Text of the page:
Can 3D crosswalks make roads safer?
In the small Icelandic fishing town of Ísafjörður, local officials are painting optical illusion imagery on crosswalks to encourage vehicles to slow down and prevent road accidents for its approximately 2,600 residents.
The optical illusion comprises a three-dimensional crosswalk painted with the effect of hovering lane markers that look remarkably like floating white zebra stripes. To complete the project, officials secured police and local traffic permits before enlisting Vegmálun GÍH, a road painting company, to paint the roadkill prevention artwork. Now, it is quickly becoming a selfie-inspiring, tourist attraction.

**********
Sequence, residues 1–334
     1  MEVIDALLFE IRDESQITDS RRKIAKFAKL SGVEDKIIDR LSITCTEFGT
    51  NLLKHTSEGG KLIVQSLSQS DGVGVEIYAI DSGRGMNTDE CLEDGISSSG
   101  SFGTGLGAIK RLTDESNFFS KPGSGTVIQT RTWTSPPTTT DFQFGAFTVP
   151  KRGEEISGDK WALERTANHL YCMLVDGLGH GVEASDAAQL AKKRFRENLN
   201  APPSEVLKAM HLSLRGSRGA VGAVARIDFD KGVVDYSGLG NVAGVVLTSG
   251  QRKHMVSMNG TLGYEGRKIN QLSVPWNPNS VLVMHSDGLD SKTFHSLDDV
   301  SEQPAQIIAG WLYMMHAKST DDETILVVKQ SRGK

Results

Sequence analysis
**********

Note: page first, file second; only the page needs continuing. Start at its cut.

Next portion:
The decision to create 3D crosswalks came after an increase in speed limit surges in its downtown area and residential streets, which have an 18.6-mph (30-km) speed limit.
Now, its one of many 3D road applications going viral to date. Other applications have used crosswalks doubling as roadblocks on an Ahmedabad, India highway and a 2D illusion of a darting toddler by the British Columbia Automobile Association Traffic Safety Foundation in a Canadian school zone, creating the effect of the image appearing faster, the faster you drive your vehicle.
For now, its intended as an experiment, with no word if this is to be expanded as a regional or larger initiative.